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Interaction between sows’ aggressiveness post mixing and skin lesions recorded several weeks later

By Björn Tönepöhl, Anne K. Appel, Barbara Voß, Uta König von Borstel, Matthias Gauly

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Group housing of pigs leads inevitably to more or less serious agonistic interactions during the establishment of the social rank order of the group. In order to reduce the number of severe agonistic interactions and thus the negative effects on well-being and performance, the use of genetic selection of calm sows maybe a possible strategy. Therefore, in this study the behaviour of 112 German Landrace sows was observed after the animals were brought together in a group of 10–20 sows. After this initial period, the sows were integrated into a large dynamic group in the dry sow area where the animals were housed for 71 days. Before moving the sows into the farrowing area, skin lesions scores for three body regions (front/middle/rear) on both sides were recorded using a scoring system from 1 (no lesions) to 4 (wounds, lesions all over the body area). After farrowing, sows’ reaction towards the separation from their litter was recorded to analyse relationships between aggressiveness and handling. Earlier research suggests that skin lesions recorded shortly after mixing are associated with agonistic interactions at mixing and might therefore be a useful indicator for the evaluation of recent aggressiveness of animals. However, results of the present study show that an individuals’ frequency of being initiator of agonistic interactions post mixing do not affect (p>0.1) the extent of skin lesion recorded 10 weeks later. Conversely, animals being attacked frequently were evaluated with higher scores in the anterior region (p=0.0435). These findings indicate that a higher skin lesion score does not represent generally more aggressive sows under commercial housing systems, but it is still an indicator for overall aggressiveness within pens or groups. Between the different groups significant differences in the extent of skin lesions were found (e.g. skin lesion score front: p=0.0228). A negative relationship was found between skin lesion score in caudal region and sows’ reaction towards stockperson when handling their piglets (r=−0.28, p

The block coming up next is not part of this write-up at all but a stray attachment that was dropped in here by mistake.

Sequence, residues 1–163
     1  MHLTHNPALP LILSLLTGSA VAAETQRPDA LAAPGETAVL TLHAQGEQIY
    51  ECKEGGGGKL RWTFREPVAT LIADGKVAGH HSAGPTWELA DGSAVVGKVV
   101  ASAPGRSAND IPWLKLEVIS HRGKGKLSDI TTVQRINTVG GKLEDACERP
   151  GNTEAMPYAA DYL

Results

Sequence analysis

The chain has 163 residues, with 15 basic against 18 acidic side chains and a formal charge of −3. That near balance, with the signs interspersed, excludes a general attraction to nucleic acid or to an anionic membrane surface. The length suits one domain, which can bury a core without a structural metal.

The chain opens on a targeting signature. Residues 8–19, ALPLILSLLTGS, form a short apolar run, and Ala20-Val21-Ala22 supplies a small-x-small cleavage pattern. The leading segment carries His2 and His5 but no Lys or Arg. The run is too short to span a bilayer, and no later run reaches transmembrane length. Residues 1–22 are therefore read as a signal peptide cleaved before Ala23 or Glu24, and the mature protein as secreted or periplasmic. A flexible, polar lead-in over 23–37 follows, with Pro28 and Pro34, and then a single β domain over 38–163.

Date 2013
Publication Title Applied Animal Behaviour Science
Volume 144
Issue 3
Pages 108-115
ISBN/ISSN 0168-1591
DOI 10.1016/j.applanim.2013.01.004
Language English
Additional Language English
Cite this work

Researchers should cite this work as follows:

  1. Aggression
  2. Animal behavior
  3. Animal genetics
  4. Animal housing
  5. Animal reproduction
  6. Animals
  7. Behavior and behavior mechanisms
  8. Diseases and injuries of animals
  9. Dog Breeds
  10. Effect
  11. Evaluation
  12. Farrowing
  13. Handling
  14. Interactions
  15. Land
  16. Lesions
  17. Mammals
  18. Meat animals
  19. Parasites
  20. peer-reviewed
  21. pens
  22. performance traits
  23. Pigs
  24. Reproduction
  25. skin
  26. sows
  27. Storage and Transport Equipment
  28. Suiformes
  29. Swine
  30. traits
  31. ungulates
  32. vertebrates
  33. Wounds and injuries